Still, Van Noy ranked as one of the Lions top 5 defenders by Pro Football Focus in four of their first five games this season (vs Colts, vs Packers, vs Bears, vs Eagles). He has some talent to work with.
Where Kyle Van Noy fits with the Patriots
The Patriots showed a considerable amount of interest in Van Noy prior to the 2014 draft, so this could be a case of head coach Bill Belichick acquiring some of his old draft crushes on the cheap (just like LB Shea McClellin, LB Barkevious Mingo, and CB Eric Rowe).
Unlike McClellin or Mingo, Van Noy hasn’t had to suffer through multiple coaching changes; Van Noy has played under one defensive coordinator, Teryl Austin, his entire time in the NFL. So while those other players could argue their struggles were linked to learning new systems or new positions, Van Noy doesn’t have those excuses.
Van Noy does fit with the Patriots though and I believe that Belichick will better utilize his skill set.
Like McClellin, Van Noy is a tweener that lacks the strength to set the edge on a consistent basis. For this reason, Van Noy should join McClellin and Rob Ninkovich (and Dont’a Hightower in a pinch) as the strongside linebackers (SAM) in the Patriots 4-3 front.
This distinction requires Van Noy to play closer to the line of scrimmage than how the Lions deploy their linebackers, which should increase Van Noy’s ability to make plays at the line of scrimmage. Unlike the Lions, where Van Noy was constantly asked to play off the line and to drop into deep zones, the Patriots ask their SAM linebackers to focus on the running back in the flat or occupying space to remove the quick slant passes.
The Patriots enjoy having the flexibility of rushing their SAM linebacker and dropping the player on the opposite side of the line into coverage. In the above image, Chris Long is to the outside of the left tackle and Belichick has often asked him to drop into coverage to give the Patriots pass rush the numbers advantage on the opposite side.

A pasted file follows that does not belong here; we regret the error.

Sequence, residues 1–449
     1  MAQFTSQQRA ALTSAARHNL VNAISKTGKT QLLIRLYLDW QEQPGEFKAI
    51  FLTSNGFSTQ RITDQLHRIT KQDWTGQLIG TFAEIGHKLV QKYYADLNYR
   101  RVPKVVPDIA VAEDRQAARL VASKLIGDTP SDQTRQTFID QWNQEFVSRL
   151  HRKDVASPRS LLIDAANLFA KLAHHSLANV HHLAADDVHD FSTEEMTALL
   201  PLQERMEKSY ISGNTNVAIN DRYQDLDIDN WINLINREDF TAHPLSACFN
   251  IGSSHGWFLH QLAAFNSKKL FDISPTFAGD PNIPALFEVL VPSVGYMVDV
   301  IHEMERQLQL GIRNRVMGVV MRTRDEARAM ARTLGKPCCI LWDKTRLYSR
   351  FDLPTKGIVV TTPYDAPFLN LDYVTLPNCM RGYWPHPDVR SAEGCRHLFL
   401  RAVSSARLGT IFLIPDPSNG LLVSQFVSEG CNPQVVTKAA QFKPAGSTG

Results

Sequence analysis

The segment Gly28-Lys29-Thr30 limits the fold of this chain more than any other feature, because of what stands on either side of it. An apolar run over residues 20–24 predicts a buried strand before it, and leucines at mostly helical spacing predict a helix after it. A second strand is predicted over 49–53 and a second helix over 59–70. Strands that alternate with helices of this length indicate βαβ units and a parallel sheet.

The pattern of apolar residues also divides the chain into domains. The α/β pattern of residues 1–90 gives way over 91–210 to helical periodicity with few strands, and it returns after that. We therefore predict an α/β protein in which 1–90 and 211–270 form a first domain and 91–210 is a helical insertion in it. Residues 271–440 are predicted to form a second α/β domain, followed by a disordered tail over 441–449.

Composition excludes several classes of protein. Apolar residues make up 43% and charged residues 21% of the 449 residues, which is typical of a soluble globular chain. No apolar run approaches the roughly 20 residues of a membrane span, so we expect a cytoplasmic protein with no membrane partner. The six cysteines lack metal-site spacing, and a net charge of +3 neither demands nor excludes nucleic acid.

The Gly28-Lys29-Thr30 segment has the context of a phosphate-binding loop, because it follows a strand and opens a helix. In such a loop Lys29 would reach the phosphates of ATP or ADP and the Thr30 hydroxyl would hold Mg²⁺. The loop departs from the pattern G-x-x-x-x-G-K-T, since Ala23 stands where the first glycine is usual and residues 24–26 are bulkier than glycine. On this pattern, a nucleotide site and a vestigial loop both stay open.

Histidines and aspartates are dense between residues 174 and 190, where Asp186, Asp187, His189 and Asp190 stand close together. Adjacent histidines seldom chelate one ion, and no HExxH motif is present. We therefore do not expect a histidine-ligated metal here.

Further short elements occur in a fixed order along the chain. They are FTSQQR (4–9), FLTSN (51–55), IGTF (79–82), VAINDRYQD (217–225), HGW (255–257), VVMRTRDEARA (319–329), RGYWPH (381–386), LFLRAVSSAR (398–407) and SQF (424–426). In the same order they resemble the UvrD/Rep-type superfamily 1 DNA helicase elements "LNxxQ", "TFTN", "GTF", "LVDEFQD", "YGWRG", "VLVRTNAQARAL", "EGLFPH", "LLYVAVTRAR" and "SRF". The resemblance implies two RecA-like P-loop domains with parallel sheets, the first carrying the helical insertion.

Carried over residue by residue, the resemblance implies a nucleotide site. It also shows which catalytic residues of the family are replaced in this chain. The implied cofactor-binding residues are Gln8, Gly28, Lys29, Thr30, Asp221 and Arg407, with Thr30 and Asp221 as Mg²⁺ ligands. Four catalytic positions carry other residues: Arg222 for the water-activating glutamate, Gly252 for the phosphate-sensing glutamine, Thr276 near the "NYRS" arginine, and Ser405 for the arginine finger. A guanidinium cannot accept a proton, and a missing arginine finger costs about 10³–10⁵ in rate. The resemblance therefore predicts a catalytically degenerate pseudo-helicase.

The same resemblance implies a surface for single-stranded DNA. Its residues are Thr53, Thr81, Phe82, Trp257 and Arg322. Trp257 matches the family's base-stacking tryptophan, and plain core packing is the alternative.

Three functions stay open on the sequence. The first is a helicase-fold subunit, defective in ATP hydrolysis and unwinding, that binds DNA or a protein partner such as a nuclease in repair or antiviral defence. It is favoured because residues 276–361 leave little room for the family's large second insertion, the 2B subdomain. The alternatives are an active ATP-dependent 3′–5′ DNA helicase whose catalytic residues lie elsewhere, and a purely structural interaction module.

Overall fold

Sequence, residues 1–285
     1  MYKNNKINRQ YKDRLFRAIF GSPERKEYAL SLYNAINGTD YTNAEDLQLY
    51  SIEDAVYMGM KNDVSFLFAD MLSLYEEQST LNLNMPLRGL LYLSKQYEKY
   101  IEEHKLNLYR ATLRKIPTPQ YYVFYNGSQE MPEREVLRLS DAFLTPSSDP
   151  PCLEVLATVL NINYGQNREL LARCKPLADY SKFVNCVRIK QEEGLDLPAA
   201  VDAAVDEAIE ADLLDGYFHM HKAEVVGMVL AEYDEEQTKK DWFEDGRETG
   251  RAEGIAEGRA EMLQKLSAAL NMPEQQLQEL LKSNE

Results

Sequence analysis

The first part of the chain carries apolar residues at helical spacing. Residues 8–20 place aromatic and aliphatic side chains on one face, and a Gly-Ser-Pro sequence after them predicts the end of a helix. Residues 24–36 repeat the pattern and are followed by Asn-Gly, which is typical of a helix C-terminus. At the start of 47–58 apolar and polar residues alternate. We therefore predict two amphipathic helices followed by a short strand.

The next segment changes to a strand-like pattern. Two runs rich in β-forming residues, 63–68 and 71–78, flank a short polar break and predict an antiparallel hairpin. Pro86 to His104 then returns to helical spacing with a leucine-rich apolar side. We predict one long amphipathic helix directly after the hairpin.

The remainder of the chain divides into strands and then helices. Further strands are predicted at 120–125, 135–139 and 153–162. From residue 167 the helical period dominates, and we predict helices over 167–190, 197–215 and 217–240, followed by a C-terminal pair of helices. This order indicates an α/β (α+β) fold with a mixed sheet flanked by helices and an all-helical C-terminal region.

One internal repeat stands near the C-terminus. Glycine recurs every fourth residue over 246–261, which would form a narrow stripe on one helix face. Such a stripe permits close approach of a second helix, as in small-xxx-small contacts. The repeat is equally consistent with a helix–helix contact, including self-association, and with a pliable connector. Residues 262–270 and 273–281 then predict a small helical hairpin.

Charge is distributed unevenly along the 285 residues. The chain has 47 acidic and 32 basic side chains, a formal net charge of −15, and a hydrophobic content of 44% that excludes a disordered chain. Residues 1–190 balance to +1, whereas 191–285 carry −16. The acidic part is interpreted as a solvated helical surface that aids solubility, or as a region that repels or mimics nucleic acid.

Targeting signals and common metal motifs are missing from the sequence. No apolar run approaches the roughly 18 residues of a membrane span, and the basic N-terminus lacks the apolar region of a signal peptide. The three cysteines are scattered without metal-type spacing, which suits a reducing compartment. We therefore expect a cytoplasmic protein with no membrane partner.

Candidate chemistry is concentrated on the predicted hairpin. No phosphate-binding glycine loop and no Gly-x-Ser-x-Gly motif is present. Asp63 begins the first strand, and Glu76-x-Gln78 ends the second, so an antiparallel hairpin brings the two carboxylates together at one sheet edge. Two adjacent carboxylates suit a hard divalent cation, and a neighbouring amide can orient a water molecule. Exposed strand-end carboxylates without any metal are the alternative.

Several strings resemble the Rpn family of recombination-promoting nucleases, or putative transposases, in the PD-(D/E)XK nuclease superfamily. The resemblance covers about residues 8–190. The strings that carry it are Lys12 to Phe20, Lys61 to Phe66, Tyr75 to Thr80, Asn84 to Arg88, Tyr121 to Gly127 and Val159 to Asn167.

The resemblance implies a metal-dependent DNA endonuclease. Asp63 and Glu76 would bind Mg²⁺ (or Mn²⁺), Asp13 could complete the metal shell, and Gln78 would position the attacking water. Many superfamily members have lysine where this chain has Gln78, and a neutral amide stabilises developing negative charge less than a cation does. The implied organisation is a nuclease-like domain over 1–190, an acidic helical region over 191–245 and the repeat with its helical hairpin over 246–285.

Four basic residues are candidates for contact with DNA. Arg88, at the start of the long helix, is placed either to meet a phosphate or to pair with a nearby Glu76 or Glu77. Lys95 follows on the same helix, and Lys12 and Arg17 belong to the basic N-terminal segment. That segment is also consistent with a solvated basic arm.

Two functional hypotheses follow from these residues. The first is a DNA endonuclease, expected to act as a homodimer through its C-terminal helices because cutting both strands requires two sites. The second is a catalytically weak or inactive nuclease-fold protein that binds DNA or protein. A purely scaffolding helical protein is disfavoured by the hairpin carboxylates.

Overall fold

Additionally, McClellin has been battling injuries this year and, when on the field, he hasn’t been able to stand out in any real fashion. Van Noy adds another player with potential and starting experience to the Patriots deep defensive roster as the team looks for its ultimate replacement for Ninkovich, whenever he chooses to retire. Van Noy is under contract through the 2017 season so he will have plenty of time to prove that he can contribute.
These tweeners that had traditionally been 3-4 outside linebackers are now struggling to find work because the rise of nickel defenses has led teams to force them to play as inside linebackers. Players like Ninkovich, McClellin, Van Noy, and even practice squad LB Trevor Reilly are cheap, versatile players that can play linebacker and end. Belichick seems set on trying to take advantage of this possible inefficiency.
Will Van Noy become the next Akeem Ayers for the Patriots? Or will he struggle to contribute? That remains to be seen. But the New England defense is different from Detroit’s and it appears to better align with the linebacker’s skill set.
At any rate, the cost to acquire Van Noy was peanuts; the Patriots had nothing to lose and everything to gain.